Now it's time to put this design to the test: is it robust enough to handle different authentication flows? How will it handle validation errors, server-side errors? If the content team need to display an urgent alert, what will that look like? And let's not forget about mobile and tablet viewports.
To make sure I didn't miss anything, I obtained a list of all possible errors that could occur, and the reasons for why it would occur, how we would detect it, and what the best course of action the customer should take from there. Then, I worked closely with one of our content leads to construct informative and helpful UI messages.
You'll notice that I designed for features that were not going to be in our first release. This was to make sure that the style I had gone with for our login page would suit a variety of authentication-related flows in the future.
After 'shopping the designs through our design team for feedback, it was time to put the new screens to the test. For our first release we wanted confirm or deny the following assumptions:
- It was clear what had to be done to log in
- Business customers could switch to the business login
- Users understood all user-caused error messages and server-side error messages
We also were curious to find out how jarring these new designs would be, and if customers would suspect a phishing attack was taking place. The old login screens had a dark blue background, so this was a decent visual departure.
To do this I created a prototype that simulated the act of logging in. It launched what looked like our new login app from the website (where the majority of customers go to access their online banking). It allowed users to type in an access number and password that we provided, and would direct them to either Internet Banking, or a myriad of error messages.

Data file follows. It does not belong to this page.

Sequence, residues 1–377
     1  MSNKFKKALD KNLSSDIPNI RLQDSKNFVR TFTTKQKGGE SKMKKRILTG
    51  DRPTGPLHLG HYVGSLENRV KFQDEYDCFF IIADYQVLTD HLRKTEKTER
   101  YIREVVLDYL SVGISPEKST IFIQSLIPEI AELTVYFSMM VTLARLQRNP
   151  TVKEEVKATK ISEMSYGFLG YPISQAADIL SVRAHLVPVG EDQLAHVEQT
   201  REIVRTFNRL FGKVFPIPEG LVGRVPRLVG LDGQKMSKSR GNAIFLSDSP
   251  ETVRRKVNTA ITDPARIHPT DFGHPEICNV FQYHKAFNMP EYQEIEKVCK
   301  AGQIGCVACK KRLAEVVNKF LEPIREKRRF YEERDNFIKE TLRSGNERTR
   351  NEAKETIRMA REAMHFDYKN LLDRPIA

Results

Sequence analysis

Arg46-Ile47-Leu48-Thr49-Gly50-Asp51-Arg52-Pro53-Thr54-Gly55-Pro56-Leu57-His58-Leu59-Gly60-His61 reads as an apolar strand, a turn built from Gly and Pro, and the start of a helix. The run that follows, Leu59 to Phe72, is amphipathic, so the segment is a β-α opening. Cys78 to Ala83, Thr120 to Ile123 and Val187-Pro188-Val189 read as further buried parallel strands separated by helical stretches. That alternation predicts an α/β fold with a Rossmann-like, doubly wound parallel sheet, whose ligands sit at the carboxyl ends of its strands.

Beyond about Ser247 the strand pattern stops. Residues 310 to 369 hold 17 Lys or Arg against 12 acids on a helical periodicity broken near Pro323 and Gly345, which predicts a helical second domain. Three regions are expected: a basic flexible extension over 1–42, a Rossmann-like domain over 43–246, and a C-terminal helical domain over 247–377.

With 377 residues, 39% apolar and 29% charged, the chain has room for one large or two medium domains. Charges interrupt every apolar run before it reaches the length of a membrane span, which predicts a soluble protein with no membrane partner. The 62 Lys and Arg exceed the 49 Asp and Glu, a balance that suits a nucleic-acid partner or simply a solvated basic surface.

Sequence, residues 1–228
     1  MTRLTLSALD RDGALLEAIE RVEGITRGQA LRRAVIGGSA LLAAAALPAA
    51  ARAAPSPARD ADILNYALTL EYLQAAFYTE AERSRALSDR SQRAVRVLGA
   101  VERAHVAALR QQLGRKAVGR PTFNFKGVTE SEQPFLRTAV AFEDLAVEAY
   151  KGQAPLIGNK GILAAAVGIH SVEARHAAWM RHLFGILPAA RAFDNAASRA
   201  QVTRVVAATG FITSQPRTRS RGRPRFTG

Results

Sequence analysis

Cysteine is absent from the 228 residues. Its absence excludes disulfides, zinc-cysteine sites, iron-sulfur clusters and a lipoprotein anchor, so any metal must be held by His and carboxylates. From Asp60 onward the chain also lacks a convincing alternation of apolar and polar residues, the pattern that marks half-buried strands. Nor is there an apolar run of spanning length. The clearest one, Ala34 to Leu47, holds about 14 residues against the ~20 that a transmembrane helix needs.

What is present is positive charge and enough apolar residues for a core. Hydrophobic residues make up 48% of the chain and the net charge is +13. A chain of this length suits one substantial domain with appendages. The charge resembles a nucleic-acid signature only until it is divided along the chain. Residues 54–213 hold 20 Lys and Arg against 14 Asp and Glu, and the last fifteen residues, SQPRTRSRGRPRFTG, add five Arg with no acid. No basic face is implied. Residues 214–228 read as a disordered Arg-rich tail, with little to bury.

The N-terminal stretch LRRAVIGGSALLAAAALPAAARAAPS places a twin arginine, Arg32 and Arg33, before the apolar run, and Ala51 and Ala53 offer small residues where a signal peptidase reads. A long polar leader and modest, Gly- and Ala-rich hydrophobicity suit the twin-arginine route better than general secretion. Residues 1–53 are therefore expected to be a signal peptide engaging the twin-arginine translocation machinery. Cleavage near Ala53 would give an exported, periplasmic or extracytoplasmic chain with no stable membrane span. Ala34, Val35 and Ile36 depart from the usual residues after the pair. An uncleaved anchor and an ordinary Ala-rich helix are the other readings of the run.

We tested the prototype with six customers, and the results were unsurprising. All customers could navigate to the correct login, log in, and error messages were easily understood. The funny thing was that the customers would "log in" so quickly, they would arrive at the fake Internet Banking screen and attempt to keep clicking around.
After we were confident that our new login screens would not cause problems for our customers, we started the build. First, I uploaded my designs to Invision, along with styling specs:
I then sat down with one of the developers on the Web UI Toolkit team, and together we walked through the detailed ins and outs of how I envisioned the front end behaviour to work. Layouts, resizing rules, breakpoint behaviour, and all the margins and paddings and widths and heights.
During this project we built solid foundations for our federated authentication project. Afterwards, we introduced mobile 2FA, making it easier for our customers to step up their authentication.
Surprisingly enough, we didn't receive any negative feedback (or any feedback at all) about our new login screens, which is possibly the best situation we could've hoped for. Once again, our customers are not here to log in — they're here to do their banking, and the login step should take up as little space in their heads as possible. The lack of noise after our initial release is testament to that.
I learned that
- People really don't care what a login screen looks like. If they see a username and password field, they will input their username and password. This explains why phishing catches so many people, even with websites that look drastically different than the legitimate site. This is somewhat worrying.
- People like locks. What can I say? I know an image of a lock doesn't make something more secure. Our customers know this too. But it's an effective communication to signal the boundary between an authenticated and nonauthenticated parts of an application. And clear, accurate communication that reflects true application behaviour to the customer is a plus when it comes to designing secure applications.
With the introduction of one, consistent authentication style across all applications, we've started the long journey towards single sign-on, as well as customer education around internet security. All of our retail customers have been migrated off our old infrastructure, and a quarter have already updated their passwords within the first
This new authentication app would function as a stepping stone to related work in the authentication and authorisation arena, including open banking features and OAuth integrations.
Lastly, this project came with huge learnings for the Web UI Toolkit team. It was the first application to be built completely using the
web-ui-toolkit and functioned as a proof-of-concept for the kit. This project allowed us to refine and improve the developer UX of the toolkit.■